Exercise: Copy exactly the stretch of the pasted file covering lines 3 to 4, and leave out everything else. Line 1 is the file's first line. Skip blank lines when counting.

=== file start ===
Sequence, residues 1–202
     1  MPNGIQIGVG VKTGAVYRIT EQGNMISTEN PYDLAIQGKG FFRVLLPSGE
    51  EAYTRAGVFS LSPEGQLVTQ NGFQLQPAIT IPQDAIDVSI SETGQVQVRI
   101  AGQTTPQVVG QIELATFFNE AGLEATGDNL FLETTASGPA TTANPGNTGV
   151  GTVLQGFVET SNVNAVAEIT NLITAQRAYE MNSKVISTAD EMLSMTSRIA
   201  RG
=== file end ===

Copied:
    51  EAYTRAGVFS LSPEGQLVTQ NGFQLQPAIT IPQDAIDVSI SETGQVQVRI
   101  AGQTTPQVVG QIELATFFNE AGLEATGDNL FLETTASGPA TTANPGNTGV